The wild positions, animal passion, and seeming endlessness of the sex scenes was very naturalistic. Kechiche, a Tunisian Frenchman, obviously did his homework. (Perhaps that is what got Dargis so riled.) What I object to is that the three sex scenes, each virtually indistinguishable from the next, did not progress and therefore did not serve the narrative. The first scene cements the intense passion the two share, although for a first-timer our protagonist Adele is suspiciously savvy, needing no direction. Which brings me to my only technical gripe, which is the complete lack of talking. Lesbians talk during sex. A lot. A little talking helps steer the ship, as it could have with this movie. 

"Stranger by the Lake"
"Stranger by the Lake"

It could have showed how these characters relate to each other, who is in control when, and how their sexual interaction mirrors their interaction outside the bedroom. Instead, we get a second sex scene that looks just like the first, except that they have advanced very quickly to lesbian sex 401: scissoring. And when one lover's interest starts to wane, we see no sign of it in the final sex scene. Would that not have been a good time to use sex to tell the story?

I don't mean to insist the film failed because the sex was unrealistic. Blue Is the Warmest Color is a work of art, it does not need to be realistic. But Kechiche failed in his mission. You see, he wrote himself a stand-in to act as mouthpiece, a handsome older Tunisian man who has the power to "make or break" a young artist's career, much like Kechiche has done for his actress/muse. When a lively discussion of female sexuality breaks out over spaghetti, the artist insists, "For you, our orgasm is mystical." Faux Kechiche answers, "Everything I glimpse is frustrated by the limits of male sexuality."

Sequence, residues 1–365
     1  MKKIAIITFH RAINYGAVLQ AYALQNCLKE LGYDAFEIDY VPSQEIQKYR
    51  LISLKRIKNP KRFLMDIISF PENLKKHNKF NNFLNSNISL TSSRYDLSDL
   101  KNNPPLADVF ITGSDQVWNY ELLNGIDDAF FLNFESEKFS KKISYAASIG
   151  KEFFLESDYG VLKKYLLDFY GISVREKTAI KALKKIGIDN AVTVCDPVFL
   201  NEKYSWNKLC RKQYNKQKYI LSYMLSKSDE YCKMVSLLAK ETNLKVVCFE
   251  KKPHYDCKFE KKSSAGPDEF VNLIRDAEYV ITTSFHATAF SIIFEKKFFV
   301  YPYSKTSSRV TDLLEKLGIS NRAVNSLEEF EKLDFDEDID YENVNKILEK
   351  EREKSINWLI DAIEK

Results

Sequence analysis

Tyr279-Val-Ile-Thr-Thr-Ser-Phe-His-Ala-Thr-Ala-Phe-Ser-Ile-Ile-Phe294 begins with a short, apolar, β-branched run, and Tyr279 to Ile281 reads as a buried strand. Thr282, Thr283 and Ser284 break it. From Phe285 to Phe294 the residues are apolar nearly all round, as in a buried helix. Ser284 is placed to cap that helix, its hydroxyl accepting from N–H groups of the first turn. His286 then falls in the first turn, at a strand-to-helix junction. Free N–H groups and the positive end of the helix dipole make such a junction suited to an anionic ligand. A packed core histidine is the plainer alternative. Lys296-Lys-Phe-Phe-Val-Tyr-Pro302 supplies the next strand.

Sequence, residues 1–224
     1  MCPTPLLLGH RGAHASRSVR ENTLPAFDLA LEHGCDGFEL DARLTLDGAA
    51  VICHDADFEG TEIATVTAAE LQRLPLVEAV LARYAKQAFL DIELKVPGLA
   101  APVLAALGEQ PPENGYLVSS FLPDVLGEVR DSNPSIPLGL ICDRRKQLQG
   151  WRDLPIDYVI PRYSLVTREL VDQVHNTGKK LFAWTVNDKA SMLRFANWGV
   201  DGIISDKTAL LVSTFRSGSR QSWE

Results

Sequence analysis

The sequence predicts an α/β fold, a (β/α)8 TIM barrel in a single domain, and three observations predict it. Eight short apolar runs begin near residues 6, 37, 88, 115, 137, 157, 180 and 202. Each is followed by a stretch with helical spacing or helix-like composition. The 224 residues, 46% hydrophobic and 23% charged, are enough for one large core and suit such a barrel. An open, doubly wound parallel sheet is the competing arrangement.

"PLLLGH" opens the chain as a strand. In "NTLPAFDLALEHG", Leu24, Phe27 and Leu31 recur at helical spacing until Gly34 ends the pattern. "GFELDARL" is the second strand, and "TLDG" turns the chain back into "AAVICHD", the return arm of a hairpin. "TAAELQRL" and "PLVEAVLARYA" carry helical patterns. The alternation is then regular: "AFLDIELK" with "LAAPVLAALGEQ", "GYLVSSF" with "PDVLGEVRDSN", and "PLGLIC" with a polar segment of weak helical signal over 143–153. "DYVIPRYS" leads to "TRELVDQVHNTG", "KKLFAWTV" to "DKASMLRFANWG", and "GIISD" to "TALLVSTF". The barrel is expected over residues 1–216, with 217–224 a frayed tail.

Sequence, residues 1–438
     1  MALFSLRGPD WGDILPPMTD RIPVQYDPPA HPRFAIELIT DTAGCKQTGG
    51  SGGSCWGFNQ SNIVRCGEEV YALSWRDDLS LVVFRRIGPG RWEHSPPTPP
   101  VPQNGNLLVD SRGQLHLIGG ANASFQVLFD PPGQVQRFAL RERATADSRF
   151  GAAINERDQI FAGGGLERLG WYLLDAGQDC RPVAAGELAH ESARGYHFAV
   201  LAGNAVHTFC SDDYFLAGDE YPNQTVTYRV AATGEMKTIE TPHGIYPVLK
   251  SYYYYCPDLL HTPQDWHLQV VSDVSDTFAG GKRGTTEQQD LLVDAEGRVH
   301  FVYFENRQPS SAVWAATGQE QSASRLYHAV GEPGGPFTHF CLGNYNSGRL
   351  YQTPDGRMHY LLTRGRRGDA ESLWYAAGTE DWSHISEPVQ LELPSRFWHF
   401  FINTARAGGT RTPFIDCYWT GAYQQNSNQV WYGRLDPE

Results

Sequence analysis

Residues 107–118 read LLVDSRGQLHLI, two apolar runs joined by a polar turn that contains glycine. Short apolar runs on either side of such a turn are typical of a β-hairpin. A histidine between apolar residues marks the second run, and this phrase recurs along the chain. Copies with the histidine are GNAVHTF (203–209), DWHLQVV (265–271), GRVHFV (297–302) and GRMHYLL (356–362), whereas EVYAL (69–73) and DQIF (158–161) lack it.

So Dargis was right. But Kechiche admits it. If only he displayed the same respect for female artists as his fictional counterpart does. When asked in a press conference what lesbian directed films he considered this film's forebears, Kechiche replied, Ben-Hur.

Three hours long, Blue is the Warmest Color luxuriates in its post-coital malaise, while Alain Guiraudie's Stranger By the Lake packs a mighty punch into 97 minutes. Set at a beach where gay men go to tan in the nude and tumble in the bushes, this paradise for the horny and lonely is disrupted when one of their own mysteriously drowns. Guiraudie manages to infuse the glistening water with a menacing hue, and the sounds of breeze in the trees or footsteps on gravel assume an ominous timbre. Nature can be dangerous, but human nature is lethal. Sex here is central to the story's entire reason for being told; it brings our characters together to this beach and clouds all other desires, even the desire to survive. By equating gay male sex with death, Guiraudie reminds us of the problematic tropes of the past, boldly declaring them no longer off-limits. Unlike Kechiche, Guiraudie writes from his own experience, rather than striving to see the world through a different lens. He strips nude alongside his characters, liberating himself to reveal his dark inner nature. 

This essay is one in a series produced by participants of this year's New York Film Festival Critics Academy. Click here for more on the writers.


This article is related to: Critics Academy, New York Film Festival